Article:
The Important Truth About Harambe The Gorilla Nobody Is Talking About

ALANNA KETLER – Collective -Evolution – June 2016

If you don’t have Facebook or watch the news, you may not have heard about the big debate that was buzzing on social media last week. A four-year-old child fell into a gorilla pen at the Cincinnati Zoo. After being dragged around by Harambe, the gorilla, officials eventually shot and killed the giant primate.

Of course, everyone had an expert opinion on how the situation should have been handled and whether or not the generally considered “gentle giant” deserved to be shot and killed. People were also up in arms about how and why the child fell into the gorilla pen in the first place. Whoever is at fault doesn’t really matter, because it will not bring Harambe back to life. I think the important question here that nobody seems to be asking is: why is this magnificent creature captive in a zoo in the first place?

Really, what is the purpose of zoos to begin with? Basically, the only real motive is to entertain people with the end goal of making as much profit as possible, with a complete disregard for the freedom that the animals being exploited should have. Sure, one could argue that zoos are great for educational purposes, but animals who are captive are not even behaving the same way they would in the wild, so how does staring at them sitting in a pen educate anyone? We would be better off on an African safari, or quite frankly, simply watching the Discovery Channel.

One thing that is clear is just how outraged so many people were that Harambe was killed. This shows the growing awareness that humans have towards animals and how they should be treated. This is amazing, as animals are sentient beings just like us. In fact, in 2012, a large group of predominant scientists signed The Cambridge Declaration on Consciousness that declared that animals do have conscious awareness in the same way that we do. Now, can you imagine if you were locked up in a cage, zoo, or aquarium? Because it really is essentially the same thing.

We Need To Collectively Stop Supporting The Exploitation Of Animals

I strongly believe that sometime in the near future, and in the next generations to come, people will be shocked and appalled to learn that in the past we took animals from the wild and bred them in captivity just so we could stare at them. With more and more awareness being raised about the exploitation of animals, real change is occurring.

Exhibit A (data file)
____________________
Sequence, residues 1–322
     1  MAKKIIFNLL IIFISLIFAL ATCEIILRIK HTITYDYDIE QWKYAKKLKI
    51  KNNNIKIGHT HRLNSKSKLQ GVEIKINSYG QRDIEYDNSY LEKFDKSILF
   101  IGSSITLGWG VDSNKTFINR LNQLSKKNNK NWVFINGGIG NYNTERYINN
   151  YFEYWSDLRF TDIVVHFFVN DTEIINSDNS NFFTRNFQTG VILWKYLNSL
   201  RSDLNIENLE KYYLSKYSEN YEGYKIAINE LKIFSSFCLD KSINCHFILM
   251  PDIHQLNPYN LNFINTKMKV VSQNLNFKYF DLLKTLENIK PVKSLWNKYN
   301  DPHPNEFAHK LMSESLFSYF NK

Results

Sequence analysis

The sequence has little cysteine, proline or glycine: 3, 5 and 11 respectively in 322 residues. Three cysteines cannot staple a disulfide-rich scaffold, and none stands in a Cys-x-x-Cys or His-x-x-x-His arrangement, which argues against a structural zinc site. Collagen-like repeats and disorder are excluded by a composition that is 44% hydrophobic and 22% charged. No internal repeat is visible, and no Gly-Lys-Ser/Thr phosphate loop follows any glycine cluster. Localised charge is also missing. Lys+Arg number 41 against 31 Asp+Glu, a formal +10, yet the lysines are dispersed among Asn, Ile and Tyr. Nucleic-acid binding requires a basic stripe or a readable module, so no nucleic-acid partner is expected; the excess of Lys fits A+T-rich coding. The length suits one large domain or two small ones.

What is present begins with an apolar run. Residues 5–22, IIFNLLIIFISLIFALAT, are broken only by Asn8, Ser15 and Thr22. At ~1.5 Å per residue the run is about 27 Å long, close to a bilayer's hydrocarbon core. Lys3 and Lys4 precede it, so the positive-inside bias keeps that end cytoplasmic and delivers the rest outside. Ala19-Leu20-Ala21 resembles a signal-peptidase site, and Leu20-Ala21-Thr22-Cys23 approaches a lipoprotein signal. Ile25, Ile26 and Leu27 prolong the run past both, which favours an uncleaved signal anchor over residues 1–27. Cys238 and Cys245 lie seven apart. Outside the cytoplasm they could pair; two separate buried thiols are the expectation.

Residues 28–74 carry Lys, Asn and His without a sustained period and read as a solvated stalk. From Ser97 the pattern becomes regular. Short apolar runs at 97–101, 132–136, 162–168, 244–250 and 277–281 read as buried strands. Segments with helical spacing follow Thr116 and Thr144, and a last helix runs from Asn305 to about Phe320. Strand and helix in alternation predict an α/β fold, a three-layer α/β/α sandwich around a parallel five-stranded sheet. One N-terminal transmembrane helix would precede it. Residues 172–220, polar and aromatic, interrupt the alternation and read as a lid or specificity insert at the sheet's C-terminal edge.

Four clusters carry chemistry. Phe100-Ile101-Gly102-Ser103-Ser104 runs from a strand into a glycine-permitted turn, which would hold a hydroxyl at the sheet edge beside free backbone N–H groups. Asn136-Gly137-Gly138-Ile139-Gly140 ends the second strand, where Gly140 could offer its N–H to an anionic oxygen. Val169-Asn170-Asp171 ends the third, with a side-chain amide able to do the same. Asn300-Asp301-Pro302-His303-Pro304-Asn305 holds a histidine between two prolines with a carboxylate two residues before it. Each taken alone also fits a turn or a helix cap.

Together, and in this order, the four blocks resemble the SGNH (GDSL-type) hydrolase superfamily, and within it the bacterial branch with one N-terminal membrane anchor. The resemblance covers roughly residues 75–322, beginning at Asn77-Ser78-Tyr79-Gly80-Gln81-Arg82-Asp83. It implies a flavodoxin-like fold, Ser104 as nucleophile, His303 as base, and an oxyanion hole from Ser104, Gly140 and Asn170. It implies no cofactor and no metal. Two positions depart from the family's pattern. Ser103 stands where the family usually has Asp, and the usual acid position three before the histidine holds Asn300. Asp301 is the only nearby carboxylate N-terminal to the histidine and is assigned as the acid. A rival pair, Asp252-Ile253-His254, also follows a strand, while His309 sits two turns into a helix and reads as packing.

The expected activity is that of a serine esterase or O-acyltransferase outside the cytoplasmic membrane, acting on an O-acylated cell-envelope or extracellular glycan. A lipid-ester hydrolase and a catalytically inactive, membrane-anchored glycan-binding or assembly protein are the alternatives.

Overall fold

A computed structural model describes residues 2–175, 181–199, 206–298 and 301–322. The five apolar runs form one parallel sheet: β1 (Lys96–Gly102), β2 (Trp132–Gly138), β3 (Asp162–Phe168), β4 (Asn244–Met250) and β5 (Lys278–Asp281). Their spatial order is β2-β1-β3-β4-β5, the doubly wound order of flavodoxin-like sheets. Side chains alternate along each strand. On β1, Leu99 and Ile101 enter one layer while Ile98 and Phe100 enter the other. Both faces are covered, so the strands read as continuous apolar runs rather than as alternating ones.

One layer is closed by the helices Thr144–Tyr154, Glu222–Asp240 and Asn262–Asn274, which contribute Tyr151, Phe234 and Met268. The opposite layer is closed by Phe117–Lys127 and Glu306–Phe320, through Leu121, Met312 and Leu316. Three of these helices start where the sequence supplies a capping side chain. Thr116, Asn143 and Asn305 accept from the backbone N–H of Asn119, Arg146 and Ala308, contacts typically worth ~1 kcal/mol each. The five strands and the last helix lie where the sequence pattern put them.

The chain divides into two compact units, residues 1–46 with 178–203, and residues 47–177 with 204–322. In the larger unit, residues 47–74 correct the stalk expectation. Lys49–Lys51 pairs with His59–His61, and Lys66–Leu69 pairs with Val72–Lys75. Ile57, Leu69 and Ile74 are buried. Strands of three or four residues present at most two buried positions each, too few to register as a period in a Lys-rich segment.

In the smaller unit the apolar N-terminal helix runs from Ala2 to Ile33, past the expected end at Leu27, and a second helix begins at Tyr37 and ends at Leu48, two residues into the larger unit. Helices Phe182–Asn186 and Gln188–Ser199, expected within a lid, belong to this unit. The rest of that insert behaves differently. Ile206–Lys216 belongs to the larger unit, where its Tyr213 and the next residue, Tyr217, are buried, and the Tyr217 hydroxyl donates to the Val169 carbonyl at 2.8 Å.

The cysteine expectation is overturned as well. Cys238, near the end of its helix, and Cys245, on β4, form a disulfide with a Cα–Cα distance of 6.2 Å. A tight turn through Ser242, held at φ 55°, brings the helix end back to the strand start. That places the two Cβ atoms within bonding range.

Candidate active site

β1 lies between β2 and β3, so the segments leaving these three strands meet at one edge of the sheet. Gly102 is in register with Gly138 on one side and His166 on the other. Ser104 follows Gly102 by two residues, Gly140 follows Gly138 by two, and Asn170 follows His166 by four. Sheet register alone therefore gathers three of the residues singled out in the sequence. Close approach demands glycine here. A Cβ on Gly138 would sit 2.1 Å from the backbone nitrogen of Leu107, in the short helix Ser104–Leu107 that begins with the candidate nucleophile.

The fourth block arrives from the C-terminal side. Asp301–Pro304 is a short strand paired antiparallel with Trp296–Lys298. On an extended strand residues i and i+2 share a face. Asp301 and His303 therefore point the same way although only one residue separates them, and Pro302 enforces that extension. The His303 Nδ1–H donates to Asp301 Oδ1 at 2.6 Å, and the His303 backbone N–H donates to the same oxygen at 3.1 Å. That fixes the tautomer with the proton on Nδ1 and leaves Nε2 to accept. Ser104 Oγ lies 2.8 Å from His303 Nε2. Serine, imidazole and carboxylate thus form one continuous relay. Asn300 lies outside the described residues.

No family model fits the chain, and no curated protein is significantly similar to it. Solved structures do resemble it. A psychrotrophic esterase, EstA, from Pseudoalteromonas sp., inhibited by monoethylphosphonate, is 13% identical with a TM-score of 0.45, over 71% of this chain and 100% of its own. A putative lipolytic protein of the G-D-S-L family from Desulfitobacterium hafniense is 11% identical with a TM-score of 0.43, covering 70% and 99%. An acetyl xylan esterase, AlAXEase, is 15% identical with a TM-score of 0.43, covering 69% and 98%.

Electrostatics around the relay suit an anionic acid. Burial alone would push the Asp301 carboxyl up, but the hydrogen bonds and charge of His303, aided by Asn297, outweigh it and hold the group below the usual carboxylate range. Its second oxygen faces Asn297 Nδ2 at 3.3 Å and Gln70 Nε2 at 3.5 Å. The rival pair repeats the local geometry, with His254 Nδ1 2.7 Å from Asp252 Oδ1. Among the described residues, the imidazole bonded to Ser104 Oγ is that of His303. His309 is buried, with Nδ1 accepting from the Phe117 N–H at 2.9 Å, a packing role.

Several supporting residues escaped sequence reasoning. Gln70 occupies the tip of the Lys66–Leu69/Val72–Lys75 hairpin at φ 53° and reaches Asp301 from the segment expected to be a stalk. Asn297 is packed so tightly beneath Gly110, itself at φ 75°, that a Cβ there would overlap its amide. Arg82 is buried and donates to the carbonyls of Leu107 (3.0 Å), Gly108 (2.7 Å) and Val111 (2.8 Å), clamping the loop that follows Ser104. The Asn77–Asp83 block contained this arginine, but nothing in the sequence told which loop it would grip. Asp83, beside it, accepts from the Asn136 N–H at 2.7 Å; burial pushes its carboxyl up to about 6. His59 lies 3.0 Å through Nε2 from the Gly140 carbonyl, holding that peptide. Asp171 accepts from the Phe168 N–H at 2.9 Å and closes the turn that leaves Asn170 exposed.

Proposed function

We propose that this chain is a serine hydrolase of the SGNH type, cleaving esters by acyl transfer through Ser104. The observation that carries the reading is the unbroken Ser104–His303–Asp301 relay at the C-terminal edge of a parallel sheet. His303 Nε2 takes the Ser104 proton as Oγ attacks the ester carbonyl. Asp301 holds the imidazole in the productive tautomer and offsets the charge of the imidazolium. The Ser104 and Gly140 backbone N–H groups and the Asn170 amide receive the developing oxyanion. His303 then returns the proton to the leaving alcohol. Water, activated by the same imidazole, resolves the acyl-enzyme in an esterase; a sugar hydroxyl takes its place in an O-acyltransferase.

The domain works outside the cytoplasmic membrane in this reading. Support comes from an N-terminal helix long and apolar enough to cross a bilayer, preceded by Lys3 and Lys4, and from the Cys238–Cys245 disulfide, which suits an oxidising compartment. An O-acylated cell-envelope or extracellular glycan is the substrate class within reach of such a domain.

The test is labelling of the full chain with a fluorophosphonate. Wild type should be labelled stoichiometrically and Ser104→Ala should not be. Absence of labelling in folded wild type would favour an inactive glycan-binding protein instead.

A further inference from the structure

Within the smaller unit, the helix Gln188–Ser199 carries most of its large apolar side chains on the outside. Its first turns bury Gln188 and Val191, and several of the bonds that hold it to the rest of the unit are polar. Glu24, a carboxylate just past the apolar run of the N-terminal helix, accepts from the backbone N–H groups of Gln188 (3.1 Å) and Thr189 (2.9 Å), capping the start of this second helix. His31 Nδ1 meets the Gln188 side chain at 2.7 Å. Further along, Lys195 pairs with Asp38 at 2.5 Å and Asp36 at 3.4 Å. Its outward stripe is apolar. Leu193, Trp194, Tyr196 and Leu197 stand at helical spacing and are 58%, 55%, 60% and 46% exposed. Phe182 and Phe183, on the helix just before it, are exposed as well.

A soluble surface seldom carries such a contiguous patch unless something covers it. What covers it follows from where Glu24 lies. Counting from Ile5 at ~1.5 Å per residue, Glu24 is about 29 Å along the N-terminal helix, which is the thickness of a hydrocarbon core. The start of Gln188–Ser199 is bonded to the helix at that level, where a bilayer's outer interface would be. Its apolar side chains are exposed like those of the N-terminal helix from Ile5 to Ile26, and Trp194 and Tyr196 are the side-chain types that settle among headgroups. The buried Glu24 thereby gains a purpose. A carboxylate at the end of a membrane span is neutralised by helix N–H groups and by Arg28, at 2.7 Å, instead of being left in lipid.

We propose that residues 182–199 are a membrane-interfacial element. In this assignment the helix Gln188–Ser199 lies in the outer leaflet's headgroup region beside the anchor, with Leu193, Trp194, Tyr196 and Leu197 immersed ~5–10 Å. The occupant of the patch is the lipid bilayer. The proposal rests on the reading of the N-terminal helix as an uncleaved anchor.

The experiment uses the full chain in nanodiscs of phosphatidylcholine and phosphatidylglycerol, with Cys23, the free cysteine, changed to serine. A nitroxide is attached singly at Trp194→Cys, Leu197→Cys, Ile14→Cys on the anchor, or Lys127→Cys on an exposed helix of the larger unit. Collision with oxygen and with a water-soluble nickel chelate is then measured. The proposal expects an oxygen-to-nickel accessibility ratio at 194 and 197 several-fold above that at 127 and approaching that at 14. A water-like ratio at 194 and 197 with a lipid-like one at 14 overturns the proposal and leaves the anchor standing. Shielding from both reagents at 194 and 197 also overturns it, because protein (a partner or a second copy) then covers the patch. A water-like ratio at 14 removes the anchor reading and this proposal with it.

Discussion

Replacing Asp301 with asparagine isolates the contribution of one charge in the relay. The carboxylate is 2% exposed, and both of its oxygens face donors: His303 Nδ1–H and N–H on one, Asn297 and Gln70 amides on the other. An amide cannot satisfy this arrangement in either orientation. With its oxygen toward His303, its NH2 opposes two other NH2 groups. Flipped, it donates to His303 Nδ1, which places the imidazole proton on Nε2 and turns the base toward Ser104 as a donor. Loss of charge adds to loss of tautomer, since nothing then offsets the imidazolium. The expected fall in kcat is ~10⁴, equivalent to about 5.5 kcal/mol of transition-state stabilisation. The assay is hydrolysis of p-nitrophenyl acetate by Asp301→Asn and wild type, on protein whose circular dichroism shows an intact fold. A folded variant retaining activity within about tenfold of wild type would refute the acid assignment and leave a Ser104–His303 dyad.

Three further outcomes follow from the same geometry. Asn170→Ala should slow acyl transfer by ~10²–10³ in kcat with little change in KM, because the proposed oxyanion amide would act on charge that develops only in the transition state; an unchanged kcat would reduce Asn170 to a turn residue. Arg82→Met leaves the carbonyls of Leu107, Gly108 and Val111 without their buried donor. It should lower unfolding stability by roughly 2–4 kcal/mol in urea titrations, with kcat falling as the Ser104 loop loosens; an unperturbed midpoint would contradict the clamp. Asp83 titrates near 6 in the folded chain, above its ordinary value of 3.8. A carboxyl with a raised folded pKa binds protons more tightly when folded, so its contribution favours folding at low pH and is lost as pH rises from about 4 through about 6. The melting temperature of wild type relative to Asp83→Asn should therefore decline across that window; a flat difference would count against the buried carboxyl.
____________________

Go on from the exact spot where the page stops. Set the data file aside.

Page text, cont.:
Seaworld, for example, has seen a drastic decline in ticket sales after the release of the controversial documentary, Blackfish, which tells the story of the psychological damage inflicted upon killer whales that are kept captive in tanks and aquariums. Shedding light on how far from natural these enclosures really are for the animals helps us, the often-unaware consumer, understand just how inhumane this type of exploitation really is.

Last year, a hugely popular circus group, The Ringling Brothers, announced that by 2018 all 14 of their elephants currently performing in their circus act will get to retire on a 200-acre elephant conservation in Florida. This decision was influenced by growing public concern for animal welfare.

Other Factors Worth Considering

It appears as though if people can see the exploitation that is taking place and are able to understand exactly why it is inhumane in the first place, then they are more likely to stop supporting it. Unfortunately, there are many barbaric practices that are happening on a mass scale all around us, which are actually even more inhumane than keeping animals captive.

The story of Harambe reminded me of the story of the infamous Cecil the lion, who was shot by a trophy hunter in Africa last year. There was so much outrage all over social media about ‘how horrible the man,’ American dentist, Walter Palmer, was who shot him.

This really got me thinking: what separates Cecil the lion, or Harambe for that matter, no different than the millions of animals that are raised and abused in completely inhumane conditions for the sole purpose of consumption? Why is that okay, while the isolated deaths of these other sentient creatures is not? Why love one, but eat the other?

And what about the millions of animals that are used for testing each year? What separates these beings from being held to such a high regard as Cecil and Harambe?

When it comes down to it, I think the majority of people would prefer a reality where no animal has to suffer at all, yet we still choose to support these industries. Why? A big reason is simply ignorance — out of sight, out of mind. But it is also out of convenience and affordability. Let’s not let the death of Harambe be in vain. Harambe’s death can serve as a symbol for something that should never have to happen in the first place.

What Can You Do?

In the same way Seaworld has seen profits plummet and the Ringling Brothers are retiring their elephants, you, as the consumer, can make choices that support your innate feelings that will directly affect these industries that are profiting off of animal exploitation. You can simply opt out and quit supporting them. Don’t go to the circus, don’t go to the zoo, don’t go to the aquarium, don’t buy generic factory-farmed meat and animal products, and don’t purchase products that have been tested on animals. Vote with your dollar. If there were no demand, these industries and inhumane practices would not exist. The decision is yours: what kind of world do you want to live in?

Be change.





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